sondra barrington christmas vintaj winning design

Also, jewelry designer extraordinaire Molly Alexander shared with us the design below that she created with our heart fairy doors for Art Bead Scene’s November Challenge. It is just too lovely not to share. Merry Christmas! ~ Cindy

Molly Alexander design

Twelve Days of Christmas Jewelry Designs: 9 – Hinged Picture Frames

December 1, 2011
Family photos. Collages. Upcycled Christmas cards. Meaningful quotes. There are many keepsakes and bits of nostalgia that are worth framing for the holidays. It is really fun to solder your own pendants and ornaments, but if that’s not your thing – or you want unique shapes without having to cut glass – or time is of the essence – Rings & Things has a pretty amazing selection of hinged memory picture frames to choose from. Just insert two images and you have a reversible pendant or piece of art!

champion-girl-framed-ornamentI made this ornament for my friend to commemorate her first 1/2 marathon in 2011. (She’s doing another next week!) On the other side is a photo of her son playing football. He’s going to be a heartbreaker, don’t you think?


The frame is called a faceted diamond in our online store, but all I see is the Superman logo. Pretty appropriate for this dynamic duo! I used the Simply Swank soldering kit to add a jump ring at the bottom so I could dangle the
sparkly glass beads and 2011 charm from the bottom.


Recycled Christmas cards and other holiday snippets make adorable ornaments. These little house, triangle and rectangle shapes are in the 1.5-2.5″ range – perfect for both ornaments and long chain necklaces that fall to the wearer’s midsection.


This last piece isn’t a holiday design – but it is the type of thing I would love to unwrap on Christmas morning! Mollie’s “As the Crow Flies” necklaces combines a framed image, handmade wire components, little oxidized charms and beautiful gemstones (aqua fired agate and prehnite, to be specific).

As you can see, there are endless options for customizing memory frames. but there are more holiday picture frame designs in our design gallery too! ~ Cindy

Copper and brass bracelet design challenge results

August 8, 2011

So simple, yet so fun! 6″ long, 1/4 and 1/2″ wide strips to make all kinds of jewelry with.

In July, we sent ten of our blog partners sample packs of our new 24-gauge metal bracelet strips. With summer in full swing, it isn’t surprising that not everyone completed projects (at least not yet) … but the WOW, those who did really brought their A-game!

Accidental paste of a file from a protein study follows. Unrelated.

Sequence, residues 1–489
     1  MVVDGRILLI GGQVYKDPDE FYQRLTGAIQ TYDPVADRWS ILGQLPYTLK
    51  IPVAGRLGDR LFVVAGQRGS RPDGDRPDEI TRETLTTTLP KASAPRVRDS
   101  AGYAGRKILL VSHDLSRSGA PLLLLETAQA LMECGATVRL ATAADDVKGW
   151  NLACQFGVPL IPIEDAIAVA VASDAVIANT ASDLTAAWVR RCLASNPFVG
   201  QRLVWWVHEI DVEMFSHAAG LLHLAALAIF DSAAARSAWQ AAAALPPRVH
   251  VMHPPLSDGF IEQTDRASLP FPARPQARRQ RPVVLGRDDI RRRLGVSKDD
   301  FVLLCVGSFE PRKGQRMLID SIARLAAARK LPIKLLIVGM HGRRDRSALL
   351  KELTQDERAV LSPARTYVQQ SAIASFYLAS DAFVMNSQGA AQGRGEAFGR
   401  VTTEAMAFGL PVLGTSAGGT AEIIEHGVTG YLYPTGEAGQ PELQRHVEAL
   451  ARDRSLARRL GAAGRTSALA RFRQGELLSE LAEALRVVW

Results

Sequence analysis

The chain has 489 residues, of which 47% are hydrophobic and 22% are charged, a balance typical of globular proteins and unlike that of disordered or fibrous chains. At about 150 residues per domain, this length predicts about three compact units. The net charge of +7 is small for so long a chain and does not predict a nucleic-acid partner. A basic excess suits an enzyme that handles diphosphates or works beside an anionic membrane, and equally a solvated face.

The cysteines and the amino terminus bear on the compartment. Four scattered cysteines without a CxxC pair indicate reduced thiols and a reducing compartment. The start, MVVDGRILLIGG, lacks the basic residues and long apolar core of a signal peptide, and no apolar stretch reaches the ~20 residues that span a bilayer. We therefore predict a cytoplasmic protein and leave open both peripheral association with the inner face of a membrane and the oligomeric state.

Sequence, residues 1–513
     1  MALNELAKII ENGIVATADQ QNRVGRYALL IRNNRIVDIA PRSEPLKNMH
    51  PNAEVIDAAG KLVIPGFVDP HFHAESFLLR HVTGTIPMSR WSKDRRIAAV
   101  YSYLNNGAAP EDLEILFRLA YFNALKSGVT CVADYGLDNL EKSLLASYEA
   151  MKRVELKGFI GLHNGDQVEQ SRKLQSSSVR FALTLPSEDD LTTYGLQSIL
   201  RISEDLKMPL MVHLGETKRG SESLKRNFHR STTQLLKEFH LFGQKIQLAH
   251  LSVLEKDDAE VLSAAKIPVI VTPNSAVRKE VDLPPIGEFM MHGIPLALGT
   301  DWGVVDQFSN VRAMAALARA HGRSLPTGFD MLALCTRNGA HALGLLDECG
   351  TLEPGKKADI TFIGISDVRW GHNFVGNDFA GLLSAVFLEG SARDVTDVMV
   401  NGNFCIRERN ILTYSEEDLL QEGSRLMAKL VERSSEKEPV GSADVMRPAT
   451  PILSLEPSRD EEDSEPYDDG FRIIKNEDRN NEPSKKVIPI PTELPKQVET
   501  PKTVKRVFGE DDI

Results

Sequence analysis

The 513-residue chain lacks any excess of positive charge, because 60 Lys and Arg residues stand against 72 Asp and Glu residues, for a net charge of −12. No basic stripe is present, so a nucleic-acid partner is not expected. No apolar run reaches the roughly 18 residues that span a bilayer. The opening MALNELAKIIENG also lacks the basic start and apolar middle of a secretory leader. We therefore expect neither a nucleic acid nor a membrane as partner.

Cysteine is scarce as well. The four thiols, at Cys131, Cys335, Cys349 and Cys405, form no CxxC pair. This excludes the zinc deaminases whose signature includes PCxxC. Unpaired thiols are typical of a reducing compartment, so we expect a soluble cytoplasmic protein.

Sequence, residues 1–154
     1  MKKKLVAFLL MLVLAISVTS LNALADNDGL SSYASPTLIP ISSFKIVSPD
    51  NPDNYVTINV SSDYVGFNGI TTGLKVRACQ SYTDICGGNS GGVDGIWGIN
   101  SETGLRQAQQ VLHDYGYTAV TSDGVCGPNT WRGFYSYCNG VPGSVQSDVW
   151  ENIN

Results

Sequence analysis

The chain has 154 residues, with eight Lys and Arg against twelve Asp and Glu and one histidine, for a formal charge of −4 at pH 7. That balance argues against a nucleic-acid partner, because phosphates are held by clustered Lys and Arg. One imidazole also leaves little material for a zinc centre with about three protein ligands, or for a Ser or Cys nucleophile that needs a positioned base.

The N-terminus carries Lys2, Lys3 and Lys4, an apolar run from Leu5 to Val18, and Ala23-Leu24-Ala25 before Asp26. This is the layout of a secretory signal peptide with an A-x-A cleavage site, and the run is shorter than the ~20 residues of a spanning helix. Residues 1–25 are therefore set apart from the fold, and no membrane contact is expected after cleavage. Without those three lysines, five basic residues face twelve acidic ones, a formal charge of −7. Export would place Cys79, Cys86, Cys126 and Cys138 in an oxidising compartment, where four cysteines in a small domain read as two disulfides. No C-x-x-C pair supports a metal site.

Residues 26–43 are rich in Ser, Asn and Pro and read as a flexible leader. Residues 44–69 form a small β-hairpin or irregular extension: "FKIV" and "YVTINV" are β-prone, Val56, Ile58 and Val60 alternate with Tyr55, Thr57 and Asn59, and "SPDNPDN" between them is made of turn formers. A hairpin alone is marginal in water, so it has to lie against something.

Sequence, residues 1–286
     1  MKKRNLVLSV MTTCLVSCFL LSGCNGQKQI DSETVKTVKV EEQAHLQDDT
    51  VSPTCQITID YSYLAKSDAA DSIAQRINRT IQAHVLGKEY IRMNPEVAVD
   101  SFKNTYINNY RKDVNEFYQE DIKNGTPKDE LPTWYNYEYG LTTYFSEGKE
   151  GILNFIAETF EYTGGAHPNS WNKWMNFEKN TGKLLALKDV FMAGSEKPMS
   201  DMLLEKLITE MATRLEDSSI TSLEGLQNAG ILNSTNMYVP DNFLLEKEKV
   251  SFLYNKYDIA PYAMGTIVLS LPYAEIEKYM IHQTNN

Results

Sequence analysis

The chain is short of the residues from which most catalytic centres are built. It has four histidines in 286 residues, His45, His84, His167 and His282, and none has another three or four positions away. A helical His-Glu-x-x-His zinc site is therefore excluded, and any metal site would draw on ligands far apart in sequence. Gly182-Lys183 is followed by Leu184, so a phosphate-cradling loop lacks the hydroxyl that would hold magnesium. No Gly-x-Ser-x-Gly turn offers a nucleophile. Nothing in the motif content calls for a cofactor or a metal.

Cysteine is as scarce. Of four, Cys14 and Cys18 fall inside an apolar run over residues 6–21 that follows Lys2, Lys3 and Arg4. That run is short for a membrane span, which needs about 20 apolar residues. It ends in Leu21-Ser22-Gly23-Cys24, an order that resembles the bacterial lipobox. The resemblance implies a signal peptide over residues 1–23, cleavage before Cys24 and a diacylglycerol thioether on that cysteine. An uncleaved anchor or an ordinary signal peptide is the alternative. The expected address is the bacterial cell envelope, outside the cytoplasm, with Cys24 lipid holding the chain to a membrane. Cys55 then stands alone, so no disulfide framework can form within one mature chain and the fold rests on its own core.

Textured, layered and beaded cuff bracelets by Helena.

Helena Fritz hammered, riveted and even bead-weaved her way to an armful of gorgeous bangle bracelets – her lovely blog has more photos. Helena specializes in beadwork, which makes her first attempt at metalwork even more impressive.

Carole shows her polymer prowess.

Carole Carlson stepped out of her comfort zone and into the world of polymer clay with these fun bracelets. She found that the copper was easier to work with than the brass, which makes sense since it is a softer metal. Check out her blog for more info.

Just one of the bright and bold bracelets Carolyn created.

Carolyn Fiene also used polymer clay, but she preferred the brass as a base. Even though it is harder to form, she felt is held its shape better. Link to her blog showing other designs that combine chain and bezel cups with polymer coming soon.

Layers of “ruffled” metal dress up Jan’s brass cuff.

Jan O’Banion made several great designs by layering different elements onto the bracelets. She used recycled tins to make flowers on the “Trashy Tinsel” bracelet above. Visit her blog to get a peek inside her creative world.

1/2″ wide copper forms the base of this lampwork glass ring by Lubica.

Lubica Vinicenko used the strips as the base of some truly elaborate rings. You can see more pictures at her blog.

As you can see, these metal “bracelet” strips are extremely versatile and fun to experiment with. Am I the only one surprised to see polymer clay and seed beads combined with sheet metal?

The back of my layered stamped bracelet. I curved short strips with my wood dapping set to make the matching earrings.

I’ve been having a blast stamping and texturing them. You can see the front of – and how I made – the “Earth Laughs in Flowers” bracelet in our design gallery. Texturing metal with
brass texture sheets is great stress relief, I must say!

Although July is already behind us, we’re always happy to see and share what you create. Be sure to send us some photos of what you make with these metal strips! ~ Cindy

PS – Molly Alexander posted her etching and mixed metal results to a photostream on Flickr – be sure to check them out!